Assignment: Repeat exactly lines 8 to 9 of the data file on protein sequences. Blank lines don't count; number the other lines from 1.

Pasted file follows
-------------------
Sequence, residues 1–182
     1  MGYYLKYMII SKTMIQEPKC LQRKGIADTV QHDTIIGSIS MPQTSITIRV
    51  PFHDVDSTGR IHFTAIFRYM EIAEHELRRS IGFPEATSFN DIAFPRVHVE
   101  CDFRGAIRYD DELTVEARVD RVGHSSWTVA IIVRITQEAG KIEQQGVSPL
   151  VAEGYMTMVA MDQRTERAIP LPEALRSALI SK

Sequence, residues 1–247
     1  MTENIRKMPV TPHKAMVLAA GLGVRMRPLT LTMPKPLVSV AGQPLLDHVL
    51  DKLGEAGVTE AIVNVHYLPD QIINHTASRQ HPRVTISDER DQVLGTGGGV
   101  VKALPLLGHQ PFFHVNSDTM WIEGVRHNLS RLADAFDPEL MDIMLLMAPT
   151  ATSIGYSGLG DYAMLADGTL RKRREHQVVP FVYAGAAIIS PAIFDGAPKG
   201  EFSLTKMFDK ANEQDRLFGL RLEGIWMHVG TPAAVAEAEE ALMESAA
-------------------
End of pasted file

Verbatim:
    51  DKLGEAGVTE AIVNVHYLPD QIINHTASRQ HPRVTISDER DQVLGTGGGV
   101  VKALPLLGHQ PFFHVNSDTM WIEGVRHNLS RLADAFDPEL MDIMLLMAPT